David Cameron’s announcement yesterday that social housing should not be for life came as a shock to many, not least some of his increasingly queasy Lib Dem coalition partners. It didn’t to me, or many others who have seen the frontline of a new battle on housing begun by flagship Tory councils in the past few years. And it is further worrying proof that, for all of the progressive mood music of the coalition, David Cameron still relies on the hardliners in his own party when it comes to making policy.
From 2008 to the beginning of this year I was the Labour election organiser and agent in Hammersmith, home to not only Tory A-List parliamentary candidate Shaun Bailey (who, in the event, was swept aside with some ease by Andy Slaughter’s energetic campaign) but also David Cameron’s “favourite” council, and its leader, Stephen Greenhalgh.
Greenhalgh, who sits at the apex of the Tory political machine in Hammersmith and Fulham, has had his sights fixed more widely than the borough boundary since the Tories took office in 2006. Housing is the battleground, and for purely partisan reasons, as he makes clear in this article for Conservative Home in February 2009:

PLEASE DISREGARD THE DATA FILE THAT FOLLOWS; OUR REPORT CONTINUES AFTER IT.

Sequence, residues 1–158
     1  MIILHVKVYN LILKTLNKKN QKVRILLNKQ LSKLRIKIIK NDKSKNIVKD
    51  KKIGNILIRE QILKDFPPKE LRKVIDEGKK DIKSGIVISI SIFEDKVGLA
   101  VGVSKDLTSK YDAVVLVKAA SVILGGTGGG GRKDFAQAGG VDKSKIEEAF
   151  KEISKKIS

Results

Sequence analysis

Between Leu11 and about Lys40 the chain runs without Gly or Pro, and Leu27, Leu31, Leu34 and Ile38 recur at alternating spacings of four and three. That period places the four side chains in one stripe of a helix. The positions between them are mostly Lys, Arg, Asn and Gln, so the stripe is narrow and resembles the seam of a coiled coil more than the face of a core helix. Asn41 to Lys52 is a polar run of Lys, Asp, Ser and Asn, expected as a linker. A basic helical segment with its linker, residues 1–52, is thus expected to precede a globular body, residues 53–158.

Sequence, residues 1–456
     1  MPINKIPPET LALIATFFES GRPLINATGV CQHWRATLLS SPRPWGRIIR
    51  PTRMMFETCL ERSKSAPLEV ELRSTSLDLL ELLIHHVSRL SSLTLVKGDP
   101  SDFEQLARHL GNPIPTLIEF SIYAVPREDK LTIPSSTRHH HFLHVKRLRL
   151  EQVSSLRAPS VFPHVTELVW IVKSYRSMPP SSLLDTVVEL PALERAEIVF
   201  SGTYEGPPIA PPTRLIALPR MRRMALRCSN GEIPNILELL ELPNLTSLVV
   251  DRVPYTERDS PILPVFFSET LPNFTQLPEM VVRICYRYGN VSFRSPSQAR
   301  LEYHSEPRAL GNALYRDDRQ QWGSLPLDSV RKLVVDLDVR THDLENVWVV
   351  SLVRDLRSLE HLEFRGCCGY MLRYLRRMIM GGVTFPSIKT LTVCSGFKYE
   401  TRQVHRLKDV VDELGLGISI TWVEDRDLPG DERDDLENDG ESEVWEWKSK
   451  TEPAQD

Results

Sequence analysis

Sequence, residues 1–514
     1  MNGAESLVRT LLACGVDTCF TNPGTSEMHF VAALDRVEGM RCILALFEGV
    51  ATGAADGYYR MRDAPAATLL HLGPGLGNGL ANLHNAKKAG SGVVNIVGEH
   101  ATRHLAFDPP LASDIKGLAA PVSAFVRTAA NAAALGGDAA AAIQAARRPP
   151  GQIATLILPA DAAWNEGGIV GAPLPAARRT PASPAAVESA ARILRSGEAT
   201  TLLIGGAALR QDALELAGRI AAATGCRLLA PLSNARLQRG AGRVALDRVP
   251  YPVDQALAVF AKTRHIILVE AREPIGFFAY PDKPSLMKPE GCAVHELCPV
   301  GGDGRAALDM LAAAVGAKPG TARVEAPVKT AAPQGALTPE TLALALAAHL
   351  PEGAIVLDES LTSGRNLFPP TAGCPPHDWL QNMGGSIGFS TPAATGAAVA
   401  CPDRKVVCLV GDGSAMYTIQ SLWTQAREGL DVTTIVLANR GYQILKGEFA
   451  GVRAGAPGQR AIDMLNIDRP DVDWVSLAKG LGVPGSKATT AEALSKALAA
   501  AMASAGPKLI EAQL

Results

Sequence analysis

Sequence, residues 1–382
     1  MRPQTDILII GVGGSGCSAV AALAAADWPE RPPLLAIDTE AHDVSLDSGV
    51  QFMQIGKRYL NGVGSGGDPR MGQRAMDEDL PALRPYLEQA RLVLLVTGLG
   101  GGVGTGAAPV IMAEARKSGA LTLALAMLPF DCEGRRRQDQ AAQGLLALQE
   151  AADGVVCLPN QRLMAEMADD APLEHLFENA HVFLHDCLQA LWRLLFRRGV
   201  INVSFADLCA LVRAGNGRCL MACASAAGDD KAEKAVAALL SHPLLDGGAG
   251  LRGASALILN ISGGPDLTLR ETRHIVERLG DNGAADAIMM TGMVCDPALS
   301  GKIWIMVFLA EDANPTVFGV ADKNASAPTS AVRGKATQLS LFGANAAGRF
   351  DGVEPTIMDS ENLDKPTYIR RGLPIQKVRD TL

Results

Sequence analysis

We ask here whether this is the time to reform social housing. It may not be an issue for the current intake of Conservative MPs at this time, but it will become an issue for many new MPs elected from target marginals which have far higher levels of social housing. Figures supplied to Greg Hands MP from the Commons Library show that shadow housing minister Grant Shapps’s seat (Welwyn Hatfield) has the highest percentage of social rented housing of any Conservative seat. Some key targets have huge percentages: Hammersmith at 36 per cent, Westminster North at 30 per cent and Birmingham Edgbaston and Battersea both at 29 per cent.
Plainly, if social housing is a “problem”, it is only insofar as its residents have an annoying habit of denying the Conservatives victory in marginal seats. This narrative received dressing in predictable Thatcherite clothing: council housing entrenches deprivation and prevents social mobility, and social tenants would be far better off if the state relieved them of this burden.